That’s the first half. I don’t usually do this since all my reviews here are full of spoilers, but I’m urging you here for your own good: if you’re reading this and you’ve not seen Sullivan’s Travels and you plan to in the foreseeable future, please skip the rest of this review for now. I’m not sure how different the effect would be if what I’ll be talking about hadn’t been so unexpected or if the movie had not so thoroughly absorbed me, so don’t go in expecting to be stunned or anything like that. Rejoin me below if you’ve seen it or if you’re a prick who doesn’t care what I tell you.

It’s one of the best-kept secrets in American cinema, really, that Sullivan’s Travels has a wallop of a twist a little over halfway through, one of the most completely unexpected in any movie I’ve seen. The experiment is over, Sullivan has come to terms and is reimbursing the world, and then… I hesitate to call it a twist, actually; it’s more like being smashed into a brick wall at 60mph. It’s not the shower scene, it’s just not at all what you tend to anticipate from a lighthearted Hollywood satire. Kudos, actually, to most film guides and websites for failing to give the game away, perhaps because the genre and style of the film seems to preclude such a reaction. Having seen the film three times now, I still marvel at its fascinating transformation from sparkling, sophisticated comedy to improbably heavy, sincere drama, which serves to illustrate Sturges’ own point about the importance of comedy, about laughter not being a lesser emotion, and about the fact that the largest duty of the more fortunate and artistic among us is to, above all else, make life more wonderful for all through their art. Through its strikingly empathetic and no-holds-barred third act, Sullivan’s Travels becomes a passionate defense of both Capra’s Little People, who don’t seem so little here, and a missive about the artist as world savior as eloquent as The Trouble with Harry, and in some ways more significant since it’s specifically about the power, the actual power, of film. Sunset Blvd. can’t achieve that, great as it is, nor can any of Frank Darabont’s self-lovefests. Nor can even Cinema Paradiso. Of all films about films, only this one, so far as I’ve seen, actually says something true and powerful about the sense of life and the broader importance of cinema itself. Woody Allen’s come close a few times, but no. Not on this level.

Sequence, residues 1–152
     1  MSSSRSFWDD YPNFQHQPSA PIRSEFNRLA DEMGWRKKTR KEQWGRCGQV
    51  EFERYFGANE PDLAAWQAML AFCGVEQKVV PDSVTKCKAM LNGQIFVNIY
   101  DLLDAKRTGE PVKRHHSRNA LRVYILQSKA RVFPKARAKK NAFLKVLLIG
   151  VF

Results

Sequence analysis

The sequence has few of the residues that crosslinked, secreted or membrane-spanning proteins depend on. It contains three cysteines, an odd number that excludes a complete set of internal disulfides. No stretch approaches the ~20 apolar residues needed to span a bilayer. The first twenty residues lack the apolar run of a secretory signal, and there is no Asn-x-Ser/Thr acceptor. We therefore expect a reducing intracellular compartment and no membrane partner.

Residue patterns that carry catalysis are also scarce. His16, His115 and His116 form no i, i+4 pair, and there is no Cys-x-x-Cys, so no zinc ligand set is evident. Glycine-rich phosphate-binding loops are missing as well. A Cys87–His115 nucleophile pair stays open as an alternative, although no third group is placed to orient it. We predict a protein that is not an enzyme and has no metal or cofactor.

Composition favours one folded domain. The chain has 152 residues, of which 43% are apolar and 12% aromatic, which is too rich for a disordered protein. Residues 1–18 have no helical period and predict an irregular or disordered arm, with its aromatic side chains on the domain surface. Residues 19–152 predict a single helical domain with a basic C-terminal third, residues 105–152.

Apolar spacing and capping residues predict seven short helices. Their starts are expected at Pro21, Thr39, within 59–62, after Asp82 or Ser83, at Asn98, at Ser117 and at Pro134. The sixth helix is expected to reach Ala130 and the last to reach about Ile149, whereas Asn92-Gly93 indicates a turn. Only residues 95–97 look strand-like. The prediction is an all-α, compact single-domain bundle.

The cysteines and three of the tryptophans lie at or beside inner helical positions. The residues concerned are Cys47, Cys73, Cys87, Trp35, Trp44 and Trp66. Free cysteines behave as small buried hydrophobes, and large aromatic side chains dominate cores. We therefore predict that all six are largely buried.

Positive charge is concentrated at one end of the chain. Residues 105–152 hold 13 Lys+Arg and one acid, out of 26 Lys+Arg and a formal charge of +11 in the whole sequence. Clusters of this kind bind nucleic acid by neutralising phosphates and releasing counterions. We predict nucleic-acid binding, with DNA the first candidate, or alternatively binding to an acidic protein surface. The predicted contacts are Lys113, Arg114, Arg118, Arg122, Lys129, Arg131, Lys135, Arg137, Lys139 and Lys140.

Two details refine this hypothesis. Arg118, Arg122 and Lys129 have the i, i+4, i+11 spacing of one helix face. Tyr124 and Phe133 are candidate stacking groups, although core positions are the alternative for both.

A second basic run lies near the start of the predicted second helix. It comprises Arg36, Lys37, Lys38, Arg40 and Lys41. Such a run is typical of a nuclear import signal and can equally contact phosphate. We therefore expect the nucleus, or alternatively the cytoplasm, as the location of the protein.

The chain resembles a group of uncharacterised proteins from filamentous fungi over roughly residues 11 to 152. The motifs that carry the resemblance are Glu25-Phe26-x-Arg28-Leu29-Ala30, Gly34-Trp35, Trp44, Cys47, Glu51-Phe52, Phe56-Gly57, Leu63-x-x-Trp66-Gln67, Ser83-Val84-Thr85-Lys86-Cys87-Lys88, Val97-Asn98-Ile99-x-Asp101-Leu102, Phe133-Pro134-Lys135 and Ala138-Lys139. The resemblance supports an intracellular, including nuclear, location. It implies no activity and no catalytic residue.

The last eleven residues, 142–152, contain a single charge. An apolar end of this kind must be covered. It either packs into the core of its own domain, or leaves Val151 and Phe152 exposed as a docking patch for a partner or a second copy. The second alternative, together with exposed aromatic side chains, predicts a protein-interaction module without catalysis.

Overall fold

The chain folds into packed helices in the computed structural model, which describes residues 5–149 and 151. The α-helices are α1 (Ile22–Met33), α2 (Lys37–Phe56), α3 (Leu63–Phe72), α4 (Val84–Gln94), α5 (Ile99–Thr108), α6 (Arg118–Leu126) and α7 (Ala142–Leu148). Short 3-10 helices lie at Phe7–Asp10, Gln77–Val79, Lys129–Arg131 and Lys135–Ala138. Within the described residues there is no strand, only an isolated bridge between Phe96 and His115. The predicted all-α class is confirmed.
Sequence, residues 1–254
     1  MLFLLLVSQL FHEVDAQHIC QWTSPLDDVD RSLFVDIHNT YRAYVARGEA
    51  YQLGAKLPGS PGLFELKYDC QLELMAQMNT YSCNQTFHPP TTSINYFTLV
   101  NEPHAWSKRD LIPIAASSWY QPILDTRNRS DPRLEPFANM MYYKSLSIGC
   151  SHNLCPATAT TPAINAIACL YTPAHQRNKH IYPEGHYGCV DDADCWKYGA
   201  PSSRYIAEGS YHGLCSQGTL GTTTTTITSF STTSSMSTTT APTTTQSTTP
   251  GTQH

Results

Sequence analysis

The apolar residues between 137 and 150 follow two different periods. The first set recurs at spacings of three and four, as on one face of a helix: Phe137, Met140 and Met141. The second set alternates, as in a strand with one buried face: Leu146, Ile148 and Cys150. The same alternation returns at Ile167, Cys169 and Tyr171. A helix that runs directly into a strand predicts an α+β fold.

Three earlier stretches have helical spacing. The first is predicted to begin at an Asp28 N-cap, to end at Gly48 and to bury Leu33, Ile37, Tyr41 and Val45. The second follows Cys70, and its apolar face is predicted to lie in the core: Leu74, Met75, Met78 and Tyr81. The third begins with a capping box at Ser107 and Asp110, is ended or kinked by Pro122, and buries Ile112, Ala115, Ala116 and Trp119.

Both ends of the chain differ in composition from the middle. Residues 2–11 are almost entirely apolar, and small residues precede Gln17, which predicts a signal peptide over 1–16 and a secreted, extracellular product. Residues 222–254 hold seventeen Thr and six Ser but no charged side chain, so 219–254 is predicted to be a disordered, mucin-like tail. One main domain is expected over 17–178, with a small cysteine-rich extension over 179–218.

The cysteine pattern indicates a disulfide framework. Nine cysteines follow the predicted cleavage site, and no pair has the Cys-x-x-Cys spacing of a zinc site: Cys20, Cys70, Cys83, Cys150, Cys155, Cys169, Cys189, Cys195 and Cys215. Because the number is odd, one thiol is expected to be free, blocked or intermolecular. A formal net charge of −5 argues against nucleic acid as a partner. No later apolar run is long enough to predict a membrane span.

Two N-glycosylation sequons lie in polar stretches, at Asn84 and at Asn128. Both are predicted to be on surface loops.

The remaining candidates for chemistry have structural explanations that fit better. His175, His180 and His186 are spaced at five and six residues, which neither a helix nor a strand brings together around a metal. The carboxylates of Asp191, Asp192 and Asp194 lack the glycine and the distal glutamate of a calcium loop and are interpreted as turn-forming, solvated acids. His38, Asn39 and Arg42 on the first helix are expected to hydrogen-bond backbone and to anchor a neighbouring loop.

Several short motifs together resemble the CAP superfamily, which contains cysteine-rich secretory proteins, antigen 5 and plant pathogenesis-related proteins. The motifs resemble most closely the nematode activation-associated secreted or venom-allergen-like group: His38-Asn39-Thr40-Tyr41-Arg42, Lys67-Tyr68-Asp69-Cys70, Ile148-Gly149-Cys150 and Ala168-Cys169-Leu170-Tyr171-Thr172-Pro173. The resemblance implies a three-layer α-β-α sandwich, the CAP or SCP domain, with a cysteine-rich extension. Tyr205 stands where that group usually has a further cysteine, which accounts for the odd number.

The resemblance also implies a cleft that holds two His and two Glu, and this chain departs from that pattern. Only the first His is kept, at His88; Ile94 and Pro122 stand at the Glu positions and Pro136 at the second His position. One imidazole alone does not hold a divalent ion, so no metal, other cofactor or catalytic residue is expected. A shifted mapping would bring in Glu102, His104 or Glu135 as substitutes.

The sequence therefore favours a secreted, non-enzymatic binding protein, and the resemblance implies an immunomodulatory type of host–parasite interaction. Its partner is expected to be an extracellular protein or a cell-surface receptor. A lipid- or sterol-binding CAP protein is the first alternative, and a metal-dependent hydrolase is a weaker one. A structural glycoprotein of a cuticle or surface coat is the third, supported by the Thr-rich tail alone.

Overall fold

But why is that? Suddenly this isn’t about the movies, it’s about the people who see the movies. The film becomes gravely serious, to the point that it could practically be mistaken for Mervyn LeRoy’s brilliant I Am a Fugitive from a Chain Gang in places, and it’s not jarring but deeply affecting to see the film’s prescient comments on poverty, racism, crime, and pre-WWII America, walking the same tightrope as Chaplin in Modern Times. The church scene is a harrowing experience (and an interesting comparison to Hitchcock’s Sabotage) and will have an impact on anyone who feels the way I do about comedy, film, cartoons, laughter. At the singing of “Go Down Moses,” you feel amazed that you’re still watching the same film, and as the Mickey and Pluto cartoon unfolds, you feel as plowed and oddly relieved as does Sullivan. When he leans over to his neighbor mid-guffaw and bewilderingly demands “Hey, am I laughing?” it’s as true an emotional catharsis as a screenwriter can devise. More so than the big showstopping “cockeyed caravan” speech at the end, it’s the true thesis of this film, its true connection to and articulation of its audience. Sturges knew that moment would still ring out seventy years later, I’m sure of it.

In this dramatic guise, he’s a hugely impressive director, and he leads us nicely in to the film’s final conclusion, that humor can be as moving as (maybe more moving than) any social-issues drama can ever be. It’s surely no accident that he proves the point himself? The second half of the picture is devastating and unforgettable, but the first half is still indisputably more fun, and better. That’s the idea. Sturges quickly gives us what we need at the conclusion and reassures us, but there’s something unsettling in the air still, fed by his unsentimental and unpolished attitude toward the strife we’ve witnessed throughout the film. Somewhere in his big-time Hollywood satire, he’s sneaked in this big treatise on poverty and imprisonment and human misery — and he tricked us into laughing all the way through it. That’s quite a coup, and one of many reasons this remarkable movie is such a troubling, assured, hilarious gift.

[Expanded version of a review I posted in 2005.]